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People Of The Black Coast


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#1 elegos7

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Posted 21 January 2008 - 11:31 PM

In the Pacific lies the Island of the People of the Black Coast, inhabited by intelligent giant crabs. They have superior intelligence to humans but weaker senses. They communicate by telepathy and can also use their mind powers to overwhelm their prey.

This story was first published in 1969. Do any of you know in which year REH has written this story?

#2 deuce

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Posted 21 January 2008 - 11:41 PM

Hey Elegos! Not sure where Rusty and Patrice are, so... My guess would be 1931 or '32.

BTW, does anyone else see a few similarities betwixt "PotBC" and the Amelia Earhart mystery? :ph34r:

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#3 Patrice Louinet

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Posted 21 January 2008 - 11:43 PM

In the Pacific lies the Island of the People of the Black Coast, inhabited by intelligent giant crabs. They have superior intelligence to humans but weaker senses. They communicate by telepathy and can also use their mind powers to overwhelm their prey.

This story was first published in 1969. Do any of you know in which year REH has written this story?


Sometime between March and December 1928, very probably after July.

Patrice

#4 deuce

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Posted 21 January 2008 - 11:51 PM

Thanks, Patrice! I was only off, what 3 or 4 years? :P That's just one of the great things that have resulted from your REH manuscript studies. :)

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#5 Fernando

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Posted 21 January 2008 - 11:53 PM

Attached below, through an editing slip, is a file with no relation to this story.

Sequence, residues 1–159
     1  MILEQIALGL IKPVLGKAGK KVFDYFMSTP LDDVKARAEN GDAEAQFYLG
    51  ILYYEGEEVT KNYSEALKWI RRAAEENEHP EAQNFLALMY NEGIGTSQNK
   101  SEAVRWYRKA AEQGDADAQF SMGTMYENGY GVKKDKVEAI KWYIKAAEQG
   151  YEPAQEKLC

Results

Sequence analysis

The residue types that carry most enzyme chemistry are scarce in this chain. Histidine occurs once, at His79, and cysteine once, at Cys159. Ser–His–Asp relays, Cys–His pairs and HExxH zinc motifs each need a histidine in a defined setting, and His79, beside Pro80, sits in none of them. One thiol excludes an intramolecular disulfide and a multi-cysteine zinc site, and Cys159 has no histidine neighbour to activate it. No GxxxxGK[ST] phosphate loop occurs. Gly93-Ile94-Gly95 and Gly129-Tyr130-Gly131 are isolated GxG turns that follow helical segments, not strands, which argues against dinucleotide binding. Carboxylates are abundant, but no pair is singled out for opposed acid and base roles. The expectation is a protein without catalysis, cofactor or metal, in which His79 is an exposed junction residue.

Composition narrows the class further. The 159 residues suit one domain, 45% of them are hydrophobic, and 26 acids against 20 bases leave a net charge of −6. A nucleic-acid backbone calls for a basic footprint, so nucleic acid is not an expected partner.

Hey, Elegos! Hey, Deuce! :)

Unhappily, I only saw the comic version of this tale - published in Conan The Barbarian #99 :( . Do you know an website where I can find the original version - the yarn?

#6 Patrice Louinet

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Posted 21 January 2008 - 11:57 PM

And that's one really weird story. What we have is the carbon, btw. The original typescript is long gone.

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#7 Fernando

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Posted 22 January 2008 - 12:31 AM

And that's one really weird story. What we have is the carbon, btw. The original typescript is long gone.

Patrice


All right, Patrice. Where can I find the copy you have?

#8 elegos7

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Posted 22 January 2008 - 12:33 AM

Thanks Patrice for the quick reply.

Is it a coincidence that it was around the summer of 1928 that REH continued to work on The Isle of the Eons (but abandoned it once again)? Both stories begin in a very similar way: 2 people crashland on a Pacific Isle with high cliffs, inhabited by monsters. Perhaps he wrote this story after he abandoned The Isle of the Eons yet again.

Actually there are a few more REH stories that I cannot really date. Can we expect a published timeline of the composition of the REH stories? Rusty Burke has a timeline on Rehupa, but it is probably a bit outdated and does not contain all the important stories (like this one).

Karoly



In the Pacific lies the Island of the People of the Black Coast, inhabited by intelligent giant crabs. They have superior intelligence to humans but weaker senses. They communicate by telepathy and can also use their mind powers to overwhelm their prey.

This story was first published in 1969. Do any of you know in which year REH has written this story?


Sometime between March and December 1928, very probably after July.

Patrice



#9 godzilladude

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Posted 22 January 2008 - 03:10 PM

Hey, Elegos! Hey, Deuce! :)

Unhappily, I only saw the comic version of this tale - published in Conan The Barbarian #99 :( . Do you know an website where I can find the original version - the yarn?


PEOPLE OF THE BLACK COAST
First appeared in SPACEWAY SCIENCE FICTION, September-October 1969
NIGHT CHILLS (Anth.)
BLACK CANAAN (Berkley)
TALES OF DUNGEONS & DRAGONS (Anth.)
BEYOND THE BORDERS (Baen)


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#10 Patrice Louinet

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Posted 22 January 2008 - 05:45 PM

Thanks Patrice for the quick reply.

Actually there are a few more REH stories that I cannot really date. Can we expect a published timeline of the composition of the REH stories? Rusty Burke has a timeline on Rehupa, but it is probably a bit outdated and does not contain all the important stories (like this one).

Karoly


Well, try me. If I have the information ready, I can post that; if not, I won't have the time to do it real soon, unfortunately.